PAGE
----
On a Chinatown rooftop in DTLA, a group of women (and some men) mingled over the love of cannabis and infused vegan ice cream. Some dressed up in glitter, oft accessorized with ganj, the crowd danced to electronic beats inside and scoped out the vendors outside selling medicated bath bombs, homemade candles, trendy pipes, and vintage clothing. The event was called “Disco for Puerto Rico,” hosted by OG GirlsClub — the first cannabis inspired social club for women in Los Angeles. The idea was to raise money for a cause and showcase some of LA’s trendiest cannabis and cannabis-friendly brands.
OG GirlsClub, founded in July 2017, functions as a “creative launchpad and support group” for women to mentor each other, share resources, and kick off their business ideas in or around the cannabis space. “We wanted to provide a platform for female entrepreneurs to join forces in business ventures and explore and educate themselves on the benefits of cannabis,” says OG GirlsClub co-founder Valery Sepulveda. “We all know as professional women, whether in the cannabis industry or not, that we are constantly fighting gender inequalities in a system that has been ruled by a ‘boys club’ for far too long.”
OG GirlsClub aims to reach the masses “in the most elegant and tasteful way possible,” Sepulveda explains, so events like “Disco for Puerto Rico” showcase “the glamorous, feminine side of cannabis, while staying socially responsible and giving proceeds to women centric charities.” The club’s events integrate LA’s unique subcultures, combining underground music with art, fashion, and cannabis — all for a good cause.
This coming year, Sepulveda, along with co-founder Destina Seaking and community director Lillian Ma, aim to launch an OG GirlsClub cannabis wellness product line for women, a fashion line, a podcast, and a co-working space. Though currently, their business model consists of a monthly club membership, ranging from $50 to $150 a month, which grants members access to social and professional networking events, branded merchandise, and private events.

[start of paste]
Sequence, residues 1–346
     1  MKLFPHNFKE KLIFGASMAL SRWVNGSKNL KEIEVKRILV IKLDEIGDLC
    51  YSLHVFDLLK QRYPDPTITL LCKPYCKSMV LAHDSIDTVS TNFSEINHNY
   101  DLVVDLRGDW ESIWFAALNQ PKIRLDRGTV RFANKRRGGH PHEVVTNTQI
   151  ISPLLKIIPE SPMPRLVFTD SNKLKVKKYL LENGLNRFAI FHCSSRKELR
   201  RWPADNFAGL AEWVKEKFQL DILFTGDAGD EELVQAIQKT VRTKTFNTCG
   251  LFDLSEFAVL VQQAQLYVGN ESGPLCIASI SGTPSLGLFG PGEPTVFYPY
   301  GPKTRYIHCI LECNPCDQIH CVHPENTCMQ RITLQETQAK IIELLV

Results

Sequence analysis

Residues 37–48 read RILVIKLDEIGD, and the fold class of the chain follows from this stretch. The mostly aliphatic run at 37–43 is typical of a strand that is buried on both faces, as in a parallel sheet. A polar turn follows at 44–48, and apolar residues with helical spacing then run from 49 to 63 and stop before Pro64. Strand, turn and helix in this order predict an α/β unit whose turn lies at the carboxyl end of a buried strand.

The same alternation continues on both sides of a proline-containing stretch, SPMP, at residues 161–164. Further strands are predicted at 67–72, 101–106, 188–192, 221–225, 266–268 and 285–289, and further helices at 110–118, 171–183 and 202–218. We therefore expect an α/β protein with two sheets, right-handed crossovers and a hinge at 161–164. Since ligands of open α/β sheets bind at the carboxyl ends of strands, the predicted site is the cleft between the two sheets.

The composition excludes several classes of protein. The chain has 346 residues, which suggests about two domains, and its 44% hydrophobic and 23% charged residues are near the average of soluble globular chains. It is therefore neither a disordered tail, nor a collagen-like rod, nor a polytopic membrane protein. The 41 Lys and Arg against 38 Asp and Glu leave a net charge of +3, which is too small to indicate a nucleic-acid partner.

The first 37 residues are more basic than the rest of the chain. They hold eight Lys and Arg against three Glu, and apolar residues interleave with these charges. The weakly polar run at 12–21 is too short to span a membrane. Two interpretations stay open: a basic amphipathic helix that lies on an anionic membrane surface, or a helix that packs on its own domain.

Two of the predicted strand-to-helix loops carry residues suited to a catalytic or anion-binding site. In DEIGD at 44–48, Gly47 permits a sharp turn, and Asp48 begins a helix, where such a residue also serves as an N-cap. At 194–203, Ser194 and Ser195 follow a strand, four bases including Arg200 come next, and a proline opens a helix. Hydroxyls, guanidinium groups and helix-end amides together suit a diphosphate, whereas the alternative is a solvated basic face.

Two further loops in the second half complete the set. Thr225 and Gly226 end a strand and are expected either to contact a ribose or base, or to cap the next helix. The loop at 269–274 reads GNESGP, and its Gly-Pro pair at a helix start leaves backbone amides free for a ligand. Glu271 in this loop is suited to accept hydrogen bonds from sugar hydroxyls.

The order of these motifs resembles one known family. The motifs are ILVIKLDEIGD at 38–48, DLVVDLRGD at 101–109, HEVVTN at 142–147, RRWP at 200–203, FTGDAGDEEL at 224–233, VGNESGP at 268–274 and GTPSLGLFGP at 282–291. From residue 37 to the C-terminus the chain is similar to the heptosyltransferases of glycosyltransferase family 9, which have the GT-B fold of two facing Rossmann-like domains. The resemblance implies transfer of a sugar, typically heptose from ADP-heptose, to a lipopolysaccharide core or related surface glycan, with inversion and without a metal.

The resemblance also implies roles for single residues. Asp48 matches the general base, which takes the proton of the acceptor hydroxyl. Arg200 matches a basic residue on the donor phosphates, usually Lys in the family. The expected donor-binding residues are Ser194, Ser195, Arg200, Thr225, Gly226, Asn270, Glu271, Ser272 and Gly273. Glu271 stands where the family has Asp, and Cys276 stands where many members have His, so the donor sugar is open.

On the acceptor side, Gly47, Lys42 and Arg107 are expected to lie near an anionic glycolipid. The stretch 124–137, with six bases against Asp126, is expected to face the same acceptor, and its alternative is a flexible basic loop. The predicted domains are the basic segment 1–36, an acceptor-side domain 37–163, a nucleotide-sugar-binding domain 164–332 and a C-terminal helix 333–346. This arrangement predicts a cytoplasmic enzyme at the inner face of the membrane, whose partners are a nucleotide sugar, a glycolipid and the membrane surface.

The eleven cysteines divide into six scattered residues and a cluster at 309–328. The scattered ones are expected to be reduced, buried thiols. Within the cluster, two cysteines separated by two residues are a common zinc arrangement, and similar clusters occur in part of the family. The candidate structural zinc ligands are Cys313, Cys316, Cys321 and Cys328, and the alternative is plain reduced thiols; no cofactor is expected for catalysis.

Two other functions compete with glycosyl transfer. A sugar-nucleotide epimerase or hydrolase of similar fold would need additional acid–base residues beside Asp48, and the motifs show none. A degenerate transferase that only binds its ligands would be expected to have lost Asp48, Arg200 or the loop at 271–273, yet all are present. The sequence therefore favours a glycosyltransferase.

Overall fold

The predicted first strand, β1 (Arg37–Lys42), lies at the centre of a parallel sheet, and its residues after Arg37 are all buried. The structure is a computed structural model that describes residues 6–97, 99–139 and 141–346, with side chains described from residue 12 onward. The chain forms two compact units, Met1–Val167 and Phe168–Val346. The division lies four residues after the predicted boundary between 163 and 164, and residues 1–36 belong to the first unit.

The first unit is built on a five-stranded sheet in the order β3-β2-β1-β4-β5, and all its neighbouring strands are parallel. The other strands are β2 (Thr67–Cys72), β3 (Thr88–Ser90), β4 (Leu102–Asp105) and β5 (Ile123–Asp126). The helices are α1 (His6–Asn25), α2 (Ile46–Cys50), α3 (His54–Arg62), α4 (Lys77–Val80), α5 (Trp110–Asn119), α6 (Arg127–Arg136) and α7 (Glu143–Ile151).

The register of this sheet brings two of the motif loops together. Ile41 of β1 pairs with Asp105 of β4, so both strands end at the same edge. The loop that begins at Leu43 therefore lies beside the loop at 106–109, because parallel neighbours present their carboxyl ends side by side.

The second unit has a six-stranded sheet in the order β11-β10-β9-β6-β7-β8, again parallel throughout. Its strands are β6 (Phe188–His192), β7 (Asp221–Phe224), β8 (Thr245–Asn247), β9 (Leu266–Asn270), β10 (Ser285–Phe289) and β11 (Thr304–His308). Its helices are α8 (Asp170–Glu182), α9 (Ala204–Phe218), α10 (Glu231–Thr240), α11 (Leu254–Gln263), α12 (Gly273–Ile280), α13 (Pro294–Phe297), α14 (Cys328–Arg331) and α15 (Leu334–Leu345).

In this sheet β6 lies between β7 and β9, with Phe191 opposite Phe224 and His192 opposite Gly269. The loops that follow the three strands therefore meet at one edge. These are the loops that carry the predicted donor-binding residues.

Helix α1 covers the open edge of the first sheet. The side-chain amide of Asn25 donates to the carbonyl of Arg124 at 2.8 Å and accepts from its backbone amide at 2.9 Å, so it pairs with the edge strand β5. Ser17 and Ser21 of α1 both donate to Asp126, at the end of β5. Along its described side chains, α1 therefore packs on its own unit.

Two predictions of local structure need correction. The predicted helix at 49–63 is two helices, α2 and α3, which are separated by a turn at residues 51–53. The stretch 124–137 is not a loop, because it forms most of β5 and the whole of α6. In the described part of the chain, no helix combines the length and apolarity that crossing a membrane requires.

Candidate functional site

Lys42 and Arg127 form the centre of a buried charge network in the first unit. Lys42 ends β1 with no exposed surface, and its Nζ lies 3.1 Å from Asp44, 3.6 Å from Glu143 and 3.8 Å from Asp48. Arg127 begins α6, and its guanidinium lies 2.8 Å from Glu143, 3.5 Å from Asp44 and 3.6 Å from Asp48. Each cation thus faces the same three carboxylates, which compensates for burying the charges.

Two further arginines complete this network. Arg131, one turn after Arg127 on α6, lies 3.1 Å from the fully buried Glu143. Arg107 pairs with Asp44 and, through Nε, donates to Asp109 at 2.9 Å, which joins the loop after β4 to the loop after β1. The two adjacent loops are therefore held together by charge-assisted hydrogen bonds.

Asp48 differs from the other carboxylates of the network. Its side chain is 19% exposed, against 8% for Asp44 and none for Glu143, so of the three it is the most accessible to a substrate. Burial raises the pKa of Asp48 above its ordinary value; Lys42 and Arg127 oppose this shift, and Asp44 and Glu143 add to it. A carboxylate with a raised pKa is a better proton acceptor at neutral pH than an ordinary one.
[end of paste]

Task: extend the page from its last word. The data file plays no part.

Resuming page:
“We focus mainly on strategic partnerships with female-owned brands and influencers, in order to provide a one-on-one platform where they can share, sell, and market their products to a chic, female audience,” Sepulveda says. When thinking of collaborations, the club aims to only endorse products that are lab-tested, ethical, and sustainable in their supply chains, she adds. “OG GirlsClub is about transformative collaboration between women, so any chance we get to help out a passionate entrepreneur is a win-win for us.”
Through creative collaborations, OG GirlsClub is changing the image of the female consumer cannabis brands will need to target in order to survive the market, Sepulveda says. “We are a network of fashionable, professional millennials, who live health-conscious lifestyles, understand the importance of social responsibility, and prefer quality branding over quantity,” she says. Known as the home of the “Glamorous Cannabis,” OG GirlsClub is helping to define what it means to be a successful, female, posh cannabis consumer — a far cry from the hyper sexualized 420nurses or lazy stoner stereotypes of yesteryear.
Sepulveda says she hopes OG GirlsClub’s biggest contribution will come from being the first group of women to combine charity with cannabis. “By donating to charities through our club, we’ll be supporting marginalized communities and showing the world that the cannabis industry does care and gives back,” she says. Collaboration, instead of competition, is the only way women will be able to run the cannabis industry in the coming years, she adds. “Women are each other’s lifelines, and by supporting each other, we have a stronger chance of competing with big corporations and big pharma versus each other.”